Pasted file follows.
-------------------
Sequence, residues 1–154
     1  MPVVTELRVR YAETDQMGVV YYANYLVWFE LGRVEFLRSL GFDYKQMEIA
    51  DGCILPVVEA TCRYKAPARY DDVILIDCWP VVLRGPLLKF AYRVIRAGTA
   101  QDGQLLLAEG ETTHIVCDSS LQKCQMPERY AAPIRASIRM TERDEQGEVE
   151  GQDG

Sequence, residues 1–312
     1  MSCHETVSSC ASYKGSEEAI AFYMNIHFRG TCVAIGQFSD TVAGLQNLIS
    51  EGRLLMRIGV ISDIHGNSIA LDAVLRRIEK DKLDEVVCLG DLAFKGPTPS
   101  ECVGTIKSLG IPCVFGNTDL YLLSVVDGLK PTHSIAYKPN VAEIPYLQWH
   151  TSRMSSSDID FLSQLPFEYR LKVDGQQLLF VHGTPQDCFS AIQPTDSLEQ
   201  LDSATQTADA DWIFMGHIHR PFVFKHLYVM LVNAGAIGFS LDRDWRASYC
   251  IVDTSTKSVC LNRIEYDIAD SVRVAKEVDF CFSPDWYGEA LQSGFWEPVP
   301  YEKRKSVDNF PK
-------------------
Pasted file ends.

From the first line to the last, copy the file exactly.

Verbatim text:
Sequence, residues 1–154
     1  MPVVTELRVR YAETDQMGVV YYANYLVWFE LGRVEFLRSL GFDYKQMEIA
    51  DGCILPVVEA TCRYKAPARY DDVILIDCWP VVLRGPLLKF AYRVIRAGTA
   101  QDGQLLLAEG ETTHIVCDSS LQKCQMPERY AAPIRASIRM TERDEQGEVE
   151  GQDG

Sequence, residues 1–312
     1  MSCHETVSSC ASYKGSEEAI AFYMNIHFRG TCVAIGQFSD TVAGLQNLIS
    51  EGRLLMRIGV ISDIHGNSIA LDAVLRRIEK DKLDEVVCLG DLAFKGPTPS
   101  ECVGTIKSLG IPCVFGNTDL YLLSVVDGLK PTHSIAYKPN VAEIPYLQWH
   151  TSRMSSSDID FLSQLPFEYR LKVDGQQLLF VHGTPQDCFS AIQPTDSLEQ
   201  LDSATQTADA DWIFMGHIHR PFVFKHLYVM LVNAGAIGFS LDRDWRASYC
   251  IVDTSTKSVC LNRIEYDIAD SVRVAKEVDF CFSPDWYGEA LQSGFWEPVP
   301  YEKRKSVDNF PK